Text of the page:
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Symptoms of Thousand Cankers Disease. (Image by Karen Snover-Clift, Cornell University,
LITTLE ROCK -- A beetle the size of the period at the end of this sentence is proving
to be the biggest smuggler of a major threat to the nation’s eastern black walnut
Black walnuts are prized for their unique flavor and are used in pies and other pastries
and Native Americans used the hulls for digestive health.
The culprit is the walnut twig beetle, who carries the spores of the fungus that causes
Thousand Cankers Disease. The disease is somewhat unique in that it is native to the
western United States, but now that it has spread eastward, courtesy the tiny beetle,
and attacks black walnuts, which have no resistance.
“We’ve seen invasive species nearly cause the extinction of valuable native American
tree species such as elm and chestnut. Historically, both have been economically important
trees in the U.S.,” said Tamara Walkingstick, associate director of the Arkansas Forest
Resource Center of the University of Arkansas System Division of Agriculture.
Sadly, there’s no reliable way to control Thousand Cankers Disease, but humans can
prevent further spread by not moving firewood or unprocessed black walnut wood or
nursery stock from or into restricted areas. Recommendations are for infested trees
to be cut down and burned on site, or if burning is not possible, then the tree should
be cut down and left to decompose on site.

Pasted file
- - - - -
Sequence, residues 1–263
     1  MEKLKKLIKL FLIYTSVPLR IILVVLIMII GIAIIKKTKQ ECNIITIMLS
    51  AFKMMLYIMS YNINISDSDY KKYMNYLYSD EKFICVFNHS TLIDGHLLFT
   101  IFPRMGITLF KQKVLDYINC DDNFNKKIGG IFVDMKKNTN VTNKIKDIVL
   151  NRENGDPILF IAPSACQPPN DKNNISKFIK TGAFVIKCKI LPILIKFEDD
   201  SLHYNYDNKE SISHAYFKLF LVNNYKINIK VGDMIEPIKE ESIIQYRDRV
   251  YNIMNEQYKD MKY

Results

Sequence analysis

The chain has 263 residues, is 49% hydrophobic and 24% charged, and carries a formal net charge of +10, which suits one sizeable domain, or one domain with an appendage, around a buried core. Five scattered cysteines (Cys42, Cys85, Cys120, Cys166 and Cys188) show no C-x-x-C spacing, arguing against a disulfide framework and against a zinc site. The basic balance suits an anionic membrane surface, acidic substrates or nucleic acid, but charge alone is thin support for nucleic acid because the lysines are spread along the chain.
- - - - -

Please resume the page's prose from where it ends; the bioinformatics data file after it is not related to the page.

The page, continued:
The cankers expand and girdle infected trees, disrupting flow of water and nutrients.
The leaves will turn yellow, wilt and turn brown. Branches will die and the whole
tree will succumb about three years after the first symptoms of decline show.
Thousand Cankers has been found in eastern Tennessee, Virginia and Pennsylvania.
Extension Forester Jon Barry said it’s important for the public to know how to identify
invasive species and understand how these non-native pests spread.
“We have the http://www.arinvasives.org/ web site designed to provide information about ID and control of forest invasive
pests,” he said. “We encourage people to plant native ornamental plants, or at least
make sure that what they plant is not invasive.”
Arkansans are also being encouraged to “to report possible sightings of invasive pests
to the Cooperative Extension Service or State Plant Board or the federal Animal and
Plant Health Inspection Service, or APHIS,” he said
To learn more about thousand cankers disease, visit www.thousandcankers.com/.
For more information about invasive species in Arkansas, visit http://www.arinvasives.org/, our newly revamped site at www.uaex.uada.edu, or contact your county extension office.
The Cooperative Extension Service is part of the University of Arkansas System Division
of Agriculture and offers its programs to all eligible persons regardless of race,
color, national origin, religion, gender, age, disability, marital or veteran status,
or any other legally protected status, and is an Affirmative Action/Equal Opportunity
By Mary HightowerThe Cooperative Extension ServiceU of A System Division of Agriculture
Media Contact: Mary HightowerDir. of Communication ServicesU of A Division of AgricultureCooperative Extension Service(501) email@example.com